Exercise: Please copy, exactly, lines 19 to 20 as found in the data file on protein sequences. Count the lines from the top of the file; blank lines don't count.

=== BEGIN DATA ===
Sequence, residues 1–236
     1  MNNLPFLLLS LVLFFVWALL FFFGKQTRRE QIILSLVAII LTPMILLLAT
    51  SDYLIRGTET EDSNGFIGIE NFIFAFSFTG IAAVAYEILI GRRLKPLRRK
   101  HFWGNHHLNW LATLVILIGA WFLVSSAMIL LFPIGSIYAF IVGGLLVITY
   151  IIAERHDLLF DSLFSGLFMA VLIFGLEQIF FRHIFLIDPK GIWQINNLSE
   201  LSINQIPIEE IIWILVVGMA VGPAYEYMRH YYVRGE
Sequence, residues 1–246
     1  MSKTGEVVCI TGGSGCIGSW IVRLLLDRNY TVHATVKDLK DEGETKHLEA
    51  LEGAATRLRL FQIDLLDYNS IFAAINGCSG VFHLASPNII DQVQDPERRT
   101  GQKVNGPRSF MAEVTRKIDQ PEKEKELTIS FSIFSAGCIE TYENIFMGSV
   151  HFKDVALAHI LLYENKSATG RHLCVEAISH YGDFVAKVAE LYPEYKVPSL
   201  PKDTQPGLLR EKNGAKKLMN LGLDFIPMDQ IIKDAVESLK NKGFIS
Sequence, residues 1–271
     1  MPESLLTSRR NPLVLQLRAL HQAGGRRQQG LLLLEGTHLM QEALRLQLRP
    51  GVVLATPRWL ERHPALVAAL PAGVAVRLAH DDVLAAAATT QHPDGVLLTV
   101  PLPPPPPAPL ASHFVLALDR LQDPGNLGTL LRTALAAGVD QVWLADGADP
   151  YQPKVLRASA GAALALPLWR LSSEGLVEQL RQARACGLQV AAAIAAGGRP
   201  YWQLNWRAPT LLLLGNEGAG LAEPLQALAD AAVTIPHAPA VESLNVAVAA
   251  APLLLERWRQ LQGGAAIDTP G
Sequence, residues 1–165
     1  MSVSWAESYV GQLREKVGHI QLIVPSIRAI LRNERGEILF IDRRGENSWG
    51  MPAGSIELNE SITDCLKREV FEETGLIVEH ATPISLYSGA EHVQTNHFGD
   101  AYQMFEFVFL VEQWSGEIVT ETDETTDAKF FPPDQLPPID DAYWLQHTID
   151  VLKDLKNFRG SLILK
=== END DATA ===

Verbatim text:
   251  APLLLERWRQ LQGGAAIDTP G
Sequence, residues 1–165